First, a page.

April 10, 1996
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"If we could treat the limb muscles so they handle excess calcium the same way eye muscles do, we might be able to reduce the damage caused by muscular dystrophy."
A team of researchers from the Johns Hopkins Wilmer Eye Institute, Children's Hospital of Harvard and laboratories in Paris and Tokyo have found that the muscles controlling eye movement protect themselves from the destructive effects of muscular dystrophy (MD) by blocking chemical reactions triggered by high calcium levels.
The researchers found that even though the extraocular eye muscles (EOM) have the same defect as other muscles--the absence of the protein dystrophin--they are not injured by high calcium levels. Dystrophin helps maintain the shape of muscle cells, and helps keep calcium stored in special compartments, called the sarcoplasmic reticulum, according to Robert Prendergast, M.D., associate professor of ophthalmology and pathology at the Johns Hopkins Wilmer Eye Institute. Prendergast is one of the authors of the paper, which was published in the Journal of Experimental Medicine. The dystrophin gene and its protein product were discovered by Louis M. Kunkel, Ph.D., professor of genetics at Harvard.
"In the absence of dystrophin, too much calcium builds up in the limb and heart muscles cells and activates enzymes inside the muscle that break down protein," says Prendergast. "But the cells of the EOM might be able to either block calcium from coming in or store it somewhere inside the cell so it can't activate those enzymes."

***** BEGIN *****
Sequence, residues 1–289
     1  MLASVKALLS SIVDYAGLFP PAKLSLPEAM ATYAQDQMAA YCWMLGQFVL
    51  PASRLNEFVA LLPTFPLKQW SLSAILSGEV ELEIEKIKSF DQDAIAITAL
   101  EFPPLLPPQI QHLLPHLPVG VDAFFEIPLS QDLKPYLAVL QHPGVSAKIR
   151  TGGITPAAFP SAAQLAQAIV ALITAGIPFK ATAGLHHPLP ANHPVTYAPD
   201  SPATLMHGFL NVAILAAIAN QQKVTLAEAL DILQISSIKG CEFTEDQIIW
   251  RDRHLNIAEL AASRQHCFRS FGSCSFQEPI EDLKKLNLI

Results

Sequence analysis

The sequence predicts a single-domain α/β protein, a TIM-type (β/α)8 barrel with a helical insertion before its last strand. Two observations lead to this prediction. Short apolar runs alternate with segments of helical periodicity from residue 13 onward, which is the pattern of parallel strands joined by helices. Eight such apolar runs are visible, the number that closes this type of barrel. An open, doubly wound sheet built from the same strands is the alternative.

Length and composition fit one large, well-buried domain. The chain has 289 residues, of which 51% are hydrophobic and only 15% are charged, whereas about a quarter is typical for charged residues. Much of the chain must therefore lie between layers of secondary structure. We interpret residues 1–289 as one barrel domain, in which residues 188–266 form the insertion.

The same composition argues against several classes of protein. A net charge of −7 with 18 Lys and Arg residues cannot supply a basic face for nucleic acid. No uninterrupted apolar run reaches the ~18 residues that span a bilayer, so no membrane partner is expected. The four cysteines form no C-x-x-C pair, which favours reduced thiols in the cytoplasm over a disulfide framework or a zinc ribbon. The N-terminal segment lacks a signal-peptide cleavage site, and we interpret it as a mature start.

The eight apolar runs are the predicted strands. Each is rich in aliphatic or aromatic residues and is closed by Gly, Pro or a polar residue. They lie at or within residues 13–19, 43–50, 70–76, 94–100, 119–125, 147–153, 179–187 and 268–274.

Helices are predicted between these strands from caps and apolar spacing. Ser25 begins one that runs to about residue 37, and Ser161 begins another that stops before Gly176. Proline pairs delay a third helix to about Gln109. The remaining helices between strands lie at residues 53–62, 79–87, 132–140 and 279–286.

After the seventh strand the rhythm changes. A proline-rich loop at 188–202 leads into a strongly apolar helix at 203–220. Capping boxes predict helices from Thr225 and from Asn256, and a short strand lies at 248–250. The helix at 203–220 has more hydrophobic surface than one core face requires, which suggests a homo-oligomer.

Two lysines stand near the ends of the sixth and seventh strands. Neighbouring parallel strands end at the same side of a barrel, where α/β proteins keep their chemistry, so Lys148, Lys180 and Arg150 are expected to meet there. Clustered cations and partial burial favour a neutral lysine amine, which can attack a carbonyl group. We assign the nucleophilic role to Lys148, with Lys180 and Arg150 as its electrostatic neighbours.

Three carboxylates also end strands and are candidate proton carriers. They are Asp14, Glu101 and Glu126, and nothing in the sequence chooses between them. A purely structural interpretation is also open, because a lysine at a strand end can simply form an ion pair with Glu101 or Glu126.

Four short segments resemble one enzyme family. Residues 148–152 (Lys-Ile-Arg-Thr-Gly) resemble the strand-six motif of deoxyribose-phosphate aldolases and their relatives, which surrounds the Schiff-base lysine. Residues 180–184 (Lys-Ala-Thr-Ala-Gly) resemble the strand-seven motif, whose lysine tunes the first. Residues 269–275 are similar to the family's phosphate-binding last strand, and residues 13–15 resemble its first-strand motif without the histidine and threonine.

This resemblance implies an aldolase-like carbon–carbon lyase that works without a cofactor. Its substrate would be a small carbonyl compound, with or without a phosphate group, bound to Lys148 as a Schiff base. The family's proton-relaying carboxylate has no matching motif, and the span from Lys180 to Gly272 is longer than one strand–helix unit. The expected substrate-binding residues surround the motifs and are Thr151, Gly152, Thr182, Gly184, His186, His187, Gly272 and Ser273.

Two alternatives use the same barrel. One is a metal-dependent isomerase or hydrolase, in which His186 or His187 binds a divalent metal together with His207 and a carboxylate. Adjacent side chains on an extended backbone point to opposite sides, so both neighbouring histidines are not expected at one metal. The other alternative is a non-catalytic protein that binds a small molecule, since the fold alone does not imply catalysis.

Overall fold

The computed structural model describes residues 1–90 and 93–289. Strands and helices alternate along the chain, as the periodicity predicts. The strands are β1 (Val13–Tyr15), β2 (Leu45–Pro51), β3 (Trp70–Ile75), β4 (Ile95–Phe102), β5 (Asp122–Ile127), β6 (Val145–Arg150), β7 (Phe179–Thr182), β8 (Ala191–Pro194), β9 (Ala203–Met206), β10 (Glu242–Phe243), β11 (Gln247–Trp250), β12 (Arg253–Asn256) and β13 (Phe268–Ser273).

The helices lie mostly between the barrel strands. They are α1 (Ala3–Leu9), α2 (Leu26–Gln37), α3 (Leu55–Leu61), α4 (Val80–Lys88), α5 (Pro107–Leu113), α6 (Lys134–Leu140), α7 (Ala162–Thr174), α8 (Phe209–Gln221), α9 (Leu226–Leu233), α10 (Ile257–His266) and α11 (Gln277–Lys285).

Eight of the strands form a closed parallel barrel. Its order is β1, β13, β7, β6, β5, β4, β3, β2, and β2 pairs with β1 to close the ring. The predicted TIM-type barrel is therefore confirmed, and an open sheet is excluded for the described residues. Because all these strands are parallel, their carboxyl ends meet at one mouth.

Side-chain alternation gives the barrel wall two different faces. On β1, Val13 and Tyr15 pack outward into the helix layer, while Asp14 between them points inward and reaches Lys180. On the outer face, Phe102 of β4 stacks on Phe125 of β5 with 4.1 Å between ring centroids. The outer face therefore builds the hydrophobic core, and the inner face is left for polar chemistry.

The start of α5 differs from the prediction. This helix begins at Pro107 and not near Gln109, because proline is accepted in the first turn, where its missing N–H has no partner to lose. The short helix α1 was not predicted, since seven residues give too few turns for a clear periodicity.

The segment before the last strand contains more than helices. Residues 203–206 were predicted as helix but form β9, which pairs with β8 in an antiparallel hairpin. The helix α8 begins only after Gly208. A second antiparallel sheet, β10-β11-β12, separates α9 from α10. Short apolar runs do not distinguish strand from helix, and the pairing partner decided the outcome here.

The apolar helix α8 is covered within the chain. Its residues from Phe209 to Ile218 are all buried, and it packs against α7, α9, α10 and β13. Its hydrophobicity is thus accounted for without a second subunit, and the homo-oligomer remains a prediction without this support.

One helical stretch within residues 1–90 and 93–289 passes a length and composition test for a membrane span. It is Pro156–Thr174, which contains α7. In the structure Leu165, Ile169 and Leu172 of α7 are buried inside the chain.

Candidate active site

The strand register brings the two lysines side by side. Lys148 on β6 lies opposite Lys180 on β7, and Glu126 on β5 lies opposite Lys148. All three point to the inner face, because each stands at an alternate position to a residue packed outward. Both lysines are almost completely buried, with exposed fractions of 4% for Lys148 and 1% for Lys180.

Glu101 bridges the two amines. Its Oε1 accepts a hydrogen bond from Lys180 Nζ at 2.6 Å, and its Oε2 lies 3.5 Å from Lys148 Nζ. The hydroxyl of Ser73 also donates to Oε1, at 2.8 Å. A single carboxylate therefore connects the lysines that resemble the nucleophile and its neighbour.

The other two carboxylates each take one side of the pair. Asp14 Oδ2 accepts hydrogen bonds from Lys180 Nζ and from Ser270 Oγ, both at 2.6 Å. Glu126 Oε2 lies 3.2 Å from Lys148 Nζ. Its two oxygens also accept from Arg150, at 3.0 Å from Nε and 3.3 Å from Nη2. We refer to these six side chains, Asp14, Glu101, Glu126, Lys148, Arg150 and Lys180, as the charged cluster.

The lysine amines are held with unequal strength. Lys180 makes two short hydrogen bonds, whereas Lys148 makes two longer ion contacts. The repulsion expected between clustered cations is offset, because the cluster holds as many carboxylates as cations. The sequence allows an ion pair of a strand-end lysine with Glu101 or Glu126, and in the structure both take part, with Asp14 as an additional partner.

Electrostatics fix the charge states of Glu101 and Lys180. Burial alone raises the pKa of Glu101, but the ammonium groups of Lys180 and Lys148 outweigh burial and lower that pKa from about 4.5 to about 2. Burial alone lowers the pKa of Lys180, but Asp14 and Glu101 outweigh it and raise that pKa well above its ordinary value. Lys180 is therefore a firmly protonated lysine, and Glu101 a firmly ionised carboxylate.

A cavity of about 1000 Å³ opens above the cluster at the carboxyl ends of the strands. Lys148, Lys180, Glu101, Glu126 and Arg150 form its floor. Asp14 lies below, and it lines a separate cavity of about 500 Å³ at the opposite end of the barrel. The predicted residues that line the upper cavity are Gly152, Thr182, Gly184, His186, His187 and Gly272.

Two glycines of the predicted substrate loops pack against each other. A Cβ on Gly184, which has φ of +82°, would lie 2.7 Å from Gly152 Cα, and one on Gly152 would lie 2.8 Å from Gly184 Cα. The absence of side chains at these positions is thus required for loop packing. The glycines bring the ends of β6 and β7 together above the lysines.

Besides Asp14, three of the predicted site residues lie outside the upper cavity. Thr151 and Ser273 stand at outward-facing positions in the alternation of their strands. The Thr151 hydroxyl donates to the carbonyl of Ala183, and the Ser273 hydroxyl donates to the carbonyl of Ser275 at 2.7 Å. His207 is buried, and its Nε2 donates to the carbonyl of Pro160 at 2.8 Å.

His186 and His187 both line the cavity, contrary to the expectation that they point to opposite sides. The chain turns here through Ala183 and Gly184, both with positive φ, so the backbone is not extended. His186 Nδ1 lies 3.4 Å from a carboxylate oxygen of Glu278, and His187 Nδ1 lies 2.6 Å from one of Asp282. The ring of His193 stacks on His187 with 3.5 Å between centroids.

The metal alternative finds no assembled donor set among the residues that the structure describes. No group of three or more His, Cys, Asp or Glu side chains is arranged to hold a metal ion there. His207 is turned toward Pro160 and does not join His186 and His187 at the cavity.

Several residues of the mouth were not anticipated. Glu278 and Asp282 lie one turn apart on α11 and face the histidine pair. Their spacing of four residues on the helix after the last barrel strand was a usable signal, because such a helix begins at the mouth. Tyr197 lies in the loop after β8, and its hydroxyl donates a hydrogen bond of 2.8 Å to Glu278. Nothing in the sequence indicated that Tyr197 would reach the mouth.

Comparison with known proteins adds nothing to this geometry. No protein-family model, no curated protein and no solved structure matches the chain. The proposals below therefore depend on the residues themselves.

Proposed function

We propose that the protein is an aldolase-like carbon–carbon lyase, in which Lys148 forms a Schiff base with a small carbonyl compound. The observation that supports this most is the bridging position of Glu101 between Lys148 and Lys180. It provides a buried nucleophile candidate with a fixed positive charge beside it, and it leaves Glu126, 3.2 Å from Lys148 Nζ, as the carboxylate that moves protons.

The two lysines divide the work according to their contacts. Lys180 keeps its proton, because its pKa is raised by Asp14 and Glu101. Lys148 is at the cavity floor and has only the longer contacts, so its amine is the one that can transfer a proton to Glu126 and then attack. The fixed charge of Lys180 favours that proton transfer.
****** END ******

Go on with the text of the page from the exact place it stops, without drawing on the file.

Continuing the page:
Previously, researchers believed that EOM might be protected from calcium entering the cells because these cells contained high levels of a substance called dystrophin-related protein, the product of a gene not related to MD. In the first part of the present study, the Harvard group found that mouse, dog and human EOM did not contain substantially greater amounts of the dystrophin-related protein than did limb muscles.
In the next series of studies led by Prendergast, drugs were used to either open muscle cell membranes to the inflow of calcium or to block the biological "pump" that pushes calcium out of the cell. This treatment caused limb muscles to whither, as they do in MD, but the EOM remained healthy.
"Since the extraocular muscles of MD patients don't have dystrophin, but still remain healthy, these muscles must be able to handle calcium in a way that limb muscles can't," Prendergast says. "This raises the possibility that if we could treat the limb muscles so they handle excess calcium the same way eye muscles do, we might be able to reduce the damage caused by muscular dystrophy."
Prendergast, in cooperation with Kunkel's laboratory, is now trying to determine how EOM are able to protect themselves from the damaging effects of high levels of calcium.
The other authors of the study include Tejvir S. Khurana (Harvard); Hala S. Alameddine, Fernando M.S. Tome and Michael Fardeau (the National Institute of Health and Medical Research, Paris); and Kiichi Arahata and Hideo Sugita (the National Institute of Health and Medical Research, Tokyo).
The research was funded by the National Institutes of Health, Research to Prevent Blindness Inc., Muscular Dystrophy Association and Association Francaise contre les Myopathies.